Acclaimed aviator Amelia Earhart did not like the press swapping out her professional name for her married one, and she had no problem telling The New York Times to cut it out.
In a May 1932 letter shared by The Times on Thursday, Earhart called out the paper for referring to her as “Mrs. Putnam” in its columns after she married book publisher George Palmer Putnam.
Despite the mild expression of my wishes, and those of [Putnam], I am constantly referred to as “Mrs. Putnam’ when the Times mentions me in its columns.
I admit I have no principle to uphold in asking that I be called by my professional name in print. However, it is for many reasons more convenient for both of us to be simply ‘Amelia Earhart.’ After all (here may be a principle) I believe flyers should be permitted the same privileges as writers or actresses.
Earhart addressed the letter to to then-publisher Arthur Hays Sulzberger shortly after she became the first woman to fly solo across the Atlantic Ocean. In Thursday’s revisiting of the letter, The Times admits its 1932 editors “initially seemed deaf to her request” but began honoring it consistently that July.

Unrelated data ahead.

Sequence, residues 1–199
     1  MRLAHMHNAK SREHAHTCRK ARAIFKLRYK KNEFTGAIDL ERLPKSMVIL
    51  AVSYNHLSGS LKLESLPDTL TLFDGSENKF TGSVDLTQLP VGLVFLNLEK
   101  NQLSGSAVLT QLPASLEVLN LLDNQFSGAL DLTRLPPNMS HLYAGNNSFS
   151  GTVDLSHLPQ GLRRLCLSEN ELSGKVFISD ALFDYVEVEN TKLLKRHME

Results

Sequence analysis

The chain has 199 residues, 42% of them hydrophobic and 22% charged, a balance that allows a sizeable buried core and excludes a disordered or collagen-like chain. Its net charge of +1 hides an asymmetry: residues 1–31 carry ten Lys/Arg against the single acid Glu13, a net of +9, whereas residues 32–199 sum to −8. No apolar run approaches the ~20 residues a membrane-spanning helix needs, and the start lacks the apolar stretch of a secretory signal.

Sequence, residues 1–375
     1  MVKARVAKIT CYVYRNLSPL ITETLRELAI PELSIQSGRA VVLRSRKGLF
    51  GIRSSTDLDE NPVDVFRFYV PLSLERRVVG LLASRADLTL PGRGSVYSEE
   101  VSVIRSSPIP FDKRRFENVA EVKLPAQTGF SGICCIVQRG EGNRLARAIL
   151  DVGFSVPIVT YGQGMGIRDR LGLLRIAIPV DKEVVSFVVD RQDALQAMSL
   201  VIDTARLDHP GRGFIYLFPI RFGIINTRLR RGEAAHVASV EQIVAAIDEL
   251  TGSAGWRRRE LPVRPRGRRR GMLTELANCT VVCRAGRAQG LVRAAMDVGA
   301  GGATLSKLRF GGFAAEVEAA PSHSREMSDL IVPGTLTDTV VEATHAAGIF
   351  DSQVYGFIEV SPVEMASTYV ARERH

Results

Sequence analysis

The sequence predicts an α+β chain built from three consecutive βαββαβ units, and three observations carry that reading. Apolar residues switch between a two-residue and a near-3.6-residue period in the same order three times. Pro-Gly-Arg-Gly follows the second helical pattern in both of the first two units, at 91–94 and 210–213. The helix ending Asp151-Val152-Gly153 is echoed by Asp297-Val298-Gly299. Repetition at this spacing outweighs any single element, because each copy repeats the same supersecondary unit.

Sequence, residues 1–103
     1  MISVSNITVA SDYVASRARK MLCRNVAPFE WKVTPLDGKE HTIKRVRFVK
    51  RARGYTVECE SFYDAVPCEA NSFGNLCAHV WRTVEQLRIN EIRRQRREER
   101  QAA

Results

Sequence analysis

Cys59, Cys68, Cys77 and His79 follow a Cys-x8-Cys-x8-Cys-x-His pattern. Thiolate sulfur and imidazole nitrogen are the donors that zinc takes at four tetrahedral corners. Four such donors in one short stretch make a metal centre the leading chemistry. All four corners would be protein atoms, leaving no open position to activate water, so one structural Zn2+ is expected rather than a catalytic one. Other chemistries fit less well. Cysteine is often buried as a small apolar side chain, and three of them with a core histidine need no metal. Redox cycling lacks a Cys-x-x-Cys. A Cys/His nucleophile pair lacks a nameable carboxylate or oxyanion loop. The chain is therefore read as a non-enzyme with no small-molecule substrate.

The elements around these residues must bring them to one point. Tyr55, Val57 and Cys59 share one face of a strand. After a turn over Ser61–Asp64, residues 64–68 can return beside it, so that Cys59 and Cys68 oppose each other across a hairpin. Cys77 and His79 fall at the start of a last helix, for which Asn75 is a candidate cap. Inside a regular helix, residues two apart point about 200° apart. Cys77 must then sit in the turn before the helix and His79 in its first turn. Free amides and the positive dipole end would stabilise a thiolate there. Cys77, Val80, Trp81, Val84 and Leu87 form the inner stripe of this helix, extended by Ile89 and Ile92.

“Women in aviation should have the same privileges as women who write,” Earhart argued, “and my husband doesn’t mind.”
The tradition-defying tone of the letter echoes another one she sent Putnam on the morning of their 1931 wedding. In it, she suggested an open marriage and stressed the importance of maintaining her identity as an individual.
“Please let us not interfere with the others’ work or play, nor let the world see our private joys or disagreements,” she wrote to him. “In this connection I may have to keep some place where I can go to be myself, now and then, for I cannot guarantee to endure at all times the confinements of even an attractive cage.”
Like many women today, Earhart felt keeping her maiden name for professional purposes was simply “more convenient.” A 2015 Times survey found that around 20 percent of women married in recent years kept their maiden names ― an uptick from the 1990s and 1980s. As late as the 1970s, laws in some states required that women use their husbands’ names to vote, do banking or obtain a passport.
This month marks 80 years since Earhart and her plane disappeared above the Pacific Ocean while attempting to circumnavigate the globe on the longest route ever attempted.
While the History Channel claimed last week it had found photo evidence she was captured by Japanese combatants, experts have called the findings into question. One history buff says he found the said photo in a book published two years before her disappearance.
While Earhart’s vanishing remains a mystery, her legacy as a cross-generational feminist icon couldn’t be clearer.